This does not, of course, mean that the CCF always acts wisely. I think it made a big mistake in publishing the Tutaka article, and I think it is making another mistake in allowing Netani Rika, former Editor of the Fiji Times and now, surprisingly, a member of the CCF staff, to speak on the organization's behalf. He is now a regular contributor to Facebook and so far all his comments have been anti-government. His employment and new prominence as a CCF spokesman can only be seen by Government as a hostile act. The result will be that Government will take less notice of Akuila and the CCF and the important role they still have to play.To be effective, the CCF should not unnecessarily irritate Government (or anyone else for that matter).
The reason for the employment of Rika is another issue but it does raise the question of whether a CCF donor such as AUSAid had any part in the decision to employ him. The case against Yabaki and the CCF will be heard this coming Friday, 27 July.
Scandalising the Courts
The Attorney-General has stated he sees the Tutaka article as “scandalising the Courts in Fiji, in that they are a scurrilous attack on the judiciary, thereby posing a real risk of undermining the authority of the judiciary in Fiji.”
For readers unfamiliar with the workings of the law, it has to be said that it is the A-G's duty to defend the judiciary from attack, and it is the Court that gives or withholds its permission to allow actions to proceed, depending, in this case, on whether it considers the A-G has an arguable case. It clearly does.
The CCF case is not dissimilar to contempt charges laid against the Fiji Times in 2008 and 2011. If the A-G decided to make an exception in the CCF case, he would be leaving himself open to allegations he was being selective in who he took to court.
So now the matter is in the hands of the Court and it is the Court that will decide if there has been a contempt, not the AG. I hope the case is dealt with swiftly, the CCF admonished with no penalty, and the case dismissed. The quicker it fades from public attention, the better.
Strategically poor decision
That is the legal situation but the law is not the only situation to consider. There is the question of justice and the “public good.” And, as in all cases of justice, justice needs to be seen to be done. In the present Fiji situation, my feeling is that the public good —and Government's good— would have been better served not to take the matter to court.
In my opinion, and in the opinions of many of my readers, the decision to proceed with the charge was a poor one, strategically, for a number of reasons. As one informed Suva reader, KaiSuva, put it:
“I did not know about this Report until I read this article in the CCF journal. Why did the AG bother to sue CCF about a Report hardly any one knew about? Why not let sleeping dogs lie? Now I am compelled to try and get my hands on this Report to read — and I am sure many others will.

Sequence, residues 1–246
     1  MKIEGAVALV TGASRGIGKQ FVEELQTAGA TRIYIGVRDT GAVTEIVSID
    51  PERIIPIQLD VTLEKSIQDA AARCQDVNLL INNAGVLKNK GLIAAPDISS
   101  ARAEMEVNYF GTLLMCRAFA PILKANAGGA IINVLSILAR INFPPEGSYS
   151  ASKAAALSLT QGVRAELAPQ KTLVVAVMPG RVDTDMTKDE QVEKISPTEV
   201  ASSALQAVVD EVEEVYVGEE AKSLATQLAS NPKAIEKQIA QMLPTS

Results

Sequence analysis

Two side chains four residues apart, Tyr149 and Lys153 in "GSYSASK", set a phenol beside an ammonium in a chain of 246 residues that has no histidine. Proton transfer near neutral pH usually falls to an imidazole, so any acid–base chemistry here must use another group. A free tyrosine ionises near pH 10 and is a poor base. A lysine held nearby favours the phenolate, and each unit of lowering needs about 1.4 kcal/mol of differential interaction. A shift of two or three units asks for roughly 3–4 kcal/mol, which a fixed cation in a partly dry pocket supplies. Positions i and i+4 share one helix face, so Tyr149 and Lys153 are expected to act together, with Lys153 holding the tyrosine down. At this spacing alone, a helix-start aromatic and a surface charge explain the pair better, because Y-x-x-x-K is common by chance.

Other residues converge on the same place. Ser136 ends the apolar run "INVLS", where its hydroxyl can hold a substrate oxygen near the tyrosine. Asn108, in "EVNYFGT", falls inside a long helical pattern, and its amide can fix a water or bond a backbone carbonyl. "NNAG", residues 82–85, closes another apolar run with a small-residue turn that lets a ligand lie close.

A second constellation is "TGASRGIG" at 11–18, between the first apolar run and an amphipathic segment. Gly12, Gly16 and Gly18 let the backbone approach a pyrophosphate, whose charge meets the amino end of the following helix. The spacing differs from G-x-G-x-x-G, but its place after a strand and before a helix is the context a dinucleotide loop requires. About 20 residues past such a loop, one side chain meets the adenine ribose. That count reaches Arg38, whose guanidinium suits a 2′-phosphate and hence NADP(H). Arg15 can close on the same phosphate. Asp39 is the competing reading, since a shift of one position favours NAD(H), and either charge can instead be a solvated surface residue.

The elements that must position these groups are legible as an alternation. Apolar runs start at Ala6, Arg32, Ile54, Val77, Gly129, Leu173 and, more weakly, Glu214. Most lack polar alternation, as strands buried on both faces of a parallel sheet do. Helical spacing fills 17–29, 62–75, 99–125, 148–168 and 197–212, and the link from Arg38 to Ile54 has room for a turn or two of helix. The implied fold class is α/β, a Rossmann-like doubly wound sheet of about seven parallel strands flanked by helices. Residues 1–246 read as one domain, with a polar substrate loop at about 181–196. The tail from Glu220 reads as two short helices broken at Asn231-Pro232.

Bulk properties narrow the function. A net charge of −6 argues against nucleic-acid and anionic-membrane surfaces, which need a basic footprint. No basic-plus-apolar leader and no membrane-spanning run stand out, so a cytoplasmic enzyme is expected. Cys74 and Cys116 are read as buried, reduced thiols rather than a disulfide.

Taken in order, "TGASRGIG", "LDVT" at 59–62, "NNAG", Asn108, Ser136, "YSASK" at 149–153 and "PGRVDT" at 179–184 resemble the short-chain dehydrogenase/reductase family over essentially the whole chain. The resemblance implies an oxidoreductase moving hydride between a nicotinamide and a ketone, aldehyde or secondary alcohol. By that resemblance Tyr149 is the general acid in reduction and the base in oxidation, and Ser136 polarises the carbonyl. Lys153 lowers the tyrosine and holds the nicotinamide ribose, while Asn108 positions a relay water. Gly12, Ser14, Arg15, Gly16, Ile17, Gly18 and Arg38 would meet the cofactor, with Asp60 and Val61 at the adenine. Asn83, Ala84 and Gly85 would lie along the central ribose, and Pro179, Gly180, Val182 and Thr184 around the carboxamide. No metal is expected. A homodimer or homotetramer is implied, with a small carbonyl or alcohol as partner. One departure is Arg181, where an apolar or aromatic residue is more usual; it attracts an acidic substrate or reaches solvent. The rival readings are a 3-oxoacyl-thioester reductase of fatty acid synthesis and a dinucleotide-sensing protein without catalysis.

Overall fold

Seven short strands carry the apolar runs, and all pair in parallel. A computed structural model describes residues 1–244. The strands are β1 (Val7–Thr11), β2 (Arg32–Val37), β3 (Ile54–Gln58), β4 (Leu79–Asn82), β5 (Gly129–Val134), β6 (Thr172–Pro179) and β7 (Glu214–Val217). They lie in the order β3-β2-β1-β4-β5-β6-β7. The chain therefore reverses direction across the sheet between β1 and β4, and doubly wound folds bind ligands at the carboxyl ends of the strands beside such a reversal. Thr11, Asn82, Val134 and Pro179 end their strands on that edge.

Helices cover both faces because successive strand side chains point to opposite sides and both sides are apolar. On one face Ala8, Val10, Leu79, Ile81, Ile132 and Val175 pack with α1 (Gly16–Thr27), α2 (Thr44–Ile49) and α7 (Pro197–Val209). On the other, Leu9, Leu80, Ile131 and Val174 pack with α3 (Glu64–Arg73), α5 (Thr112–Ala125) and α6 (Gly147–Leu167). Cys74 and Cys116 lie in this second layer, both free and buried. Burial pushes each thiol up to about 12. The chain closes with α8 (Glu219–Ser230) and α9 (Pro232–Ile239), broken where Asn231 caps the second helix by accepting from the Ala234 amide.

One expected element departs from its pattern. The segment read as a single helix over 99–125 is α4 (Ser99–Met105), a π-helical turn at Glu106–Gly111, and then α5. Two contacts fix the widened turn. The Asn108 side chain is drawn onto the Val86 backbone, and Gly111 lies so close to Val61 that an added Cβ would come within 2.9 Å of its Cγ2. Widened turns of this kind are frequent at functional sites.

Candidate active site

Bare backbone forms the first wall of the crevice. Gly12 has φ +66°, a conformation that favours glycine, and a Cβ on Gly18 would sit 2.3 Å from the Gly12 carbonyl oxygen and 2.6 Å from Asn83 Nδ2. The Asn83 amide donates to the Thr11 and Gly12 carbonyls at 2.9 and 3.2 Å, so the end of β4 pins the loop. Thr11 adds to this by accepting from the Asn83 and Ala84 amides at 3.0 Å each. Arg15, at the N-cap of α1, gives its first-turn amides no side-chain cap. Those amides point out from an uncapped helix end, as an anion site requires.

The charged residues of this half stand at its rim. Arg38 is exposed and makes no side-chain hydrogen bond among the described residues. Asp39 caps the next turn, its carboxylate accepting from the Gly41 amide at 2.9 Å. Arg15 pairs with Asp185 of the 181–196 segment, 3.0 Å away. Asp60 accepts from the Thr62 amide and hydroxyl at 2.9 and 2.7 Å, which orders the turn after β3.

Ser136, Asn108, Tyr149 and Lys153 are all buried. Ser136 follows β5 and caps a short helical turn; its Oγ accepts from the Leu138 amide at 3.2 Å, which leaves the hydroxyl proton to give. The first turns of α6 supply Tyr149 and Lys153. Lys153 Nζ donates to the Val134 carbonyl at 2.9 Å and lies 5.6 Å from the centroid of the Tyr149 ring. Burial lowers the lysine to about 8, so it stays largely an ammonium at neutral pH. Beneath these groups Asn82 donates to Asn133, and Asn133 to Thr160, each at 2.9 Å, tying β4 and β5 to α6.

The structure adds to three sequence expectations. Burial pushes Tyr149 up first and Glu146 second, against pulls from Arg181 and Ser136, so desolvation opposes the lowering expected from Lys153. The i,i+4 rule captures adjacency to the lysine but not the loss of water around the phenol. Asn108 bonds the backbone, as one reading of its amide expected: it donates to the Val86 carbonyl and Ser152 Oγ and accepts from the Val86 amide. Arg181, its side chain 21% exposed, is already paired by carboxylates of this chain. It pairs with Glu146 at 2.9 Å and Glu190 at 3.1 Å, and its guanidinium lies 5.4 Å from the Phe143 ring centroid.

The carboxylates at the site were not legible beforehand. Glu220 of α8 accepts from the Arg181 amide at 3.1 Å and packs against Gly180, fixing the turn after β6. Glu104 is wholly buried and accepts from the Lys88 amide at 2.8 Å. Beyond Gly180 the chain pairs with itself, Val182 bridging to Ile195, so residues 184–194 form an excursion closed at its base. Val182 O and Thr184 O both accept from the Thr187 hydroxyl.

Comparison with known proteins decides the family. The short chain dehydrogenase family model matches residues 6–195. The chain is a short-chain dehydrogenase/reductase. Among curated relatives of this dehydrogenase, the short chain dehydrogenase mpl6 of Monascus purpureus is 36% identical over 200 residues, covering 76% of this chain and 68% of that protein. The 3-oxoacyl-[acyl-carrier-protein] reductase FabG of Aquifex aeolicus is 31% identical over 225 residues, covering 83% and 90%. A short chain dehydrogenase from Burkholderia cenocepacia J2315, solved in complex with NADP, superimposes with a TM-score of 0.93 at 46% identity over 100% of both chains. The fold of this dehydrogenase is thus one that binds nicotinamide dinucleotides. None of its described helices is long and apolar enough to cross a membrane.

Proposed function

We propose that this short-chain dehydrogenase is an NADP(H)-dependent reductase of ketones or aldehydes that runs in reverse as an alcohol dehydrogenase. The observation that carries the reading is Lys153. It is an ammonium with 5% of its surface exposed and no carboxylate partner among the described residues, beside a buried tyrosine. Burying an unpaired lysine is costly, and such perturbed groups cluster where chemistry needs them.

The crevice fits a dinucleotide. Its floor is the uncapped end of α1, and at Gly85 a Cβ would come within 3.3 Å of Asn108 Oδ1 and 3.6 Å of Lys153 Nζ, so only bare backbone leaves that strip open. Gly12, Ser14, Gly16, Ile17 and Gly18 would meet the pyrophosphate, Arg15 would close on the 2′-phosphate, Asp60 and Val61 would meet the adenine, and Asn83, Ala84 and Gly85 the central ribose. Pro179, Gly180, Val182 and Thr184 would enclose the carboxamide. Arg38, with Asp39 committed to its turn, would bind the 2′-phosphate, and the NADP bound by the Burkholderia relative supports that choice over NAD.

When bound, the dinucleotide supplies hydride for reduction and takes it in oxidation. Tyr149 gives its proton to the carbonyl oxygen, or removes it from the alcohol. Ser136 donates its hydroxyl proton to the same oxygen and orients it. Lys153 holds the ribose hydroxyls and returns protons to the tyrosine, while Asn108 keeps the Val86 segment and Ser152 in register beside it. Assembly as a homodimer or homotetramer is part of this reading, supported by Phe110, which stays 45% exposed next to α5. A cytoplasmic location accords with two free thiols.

“Contrary to what many critics say, including the writers of this Report, I am of the view that the Courts of Fiji are independent and are doing a good job on the whole in upholding the rule of law in difficult circumstances. The courts certainly do not need this ridiculous defence by the Attorney General.
“I suspect they are probably embarrassed by this quixotic attack against his old friend Rev Yabaki. This could indeed be the case for the Courts to lay to rest at last the ghostly rumour that has been around here and internationally that the Fiji Courts are in cahoots with and under the thumbs of Aiyaz Khaiyum.”
Other reader responses include:
“The contempt proceedings are a major PR mistake. People will side with Akuila and that means they will be against Aiyaz. I doubt many people read Tutaka. If the article had been ignored, how many would have heard of it?"
“Dear Croz, A sad state of affairs. The AG seems to be over-sensitive and controls any criticisms - especially those which involve him. He needs to get a sense of humour. I read recently some words of Churchill: 'Having courage means that you are not afraid to stand up and speak. But having courage also means that you are not afraid to sit down and listen'.”
“It seems to me that what had hit the AG in the solar plexus were the following words in a paragraph:"Removing the Administration of Justice Decree 2009, removing the jurisdiction of the courts to hear and determine any challenge brought as to the validity of any of the decrees, the Report suggests the population has no lawful method of challenging the action of the Government.
“Many people may not know that Aiyaz Khaiyum used to represent the Fiji Young Lawyers Association on the CCF Steering Committee! At that time he was speaking the language of human rights and proud to give free legal advice to the CCF. He was once regarded as one of Fiji's brightest young lawyer who could one day be a blessing on any democratic government. That was in the 1990s and early 2000.”
Another reader said: “I'll reserve my comments for the moment.”
And yet another:
And yet another:
It couldn't have been at a worse time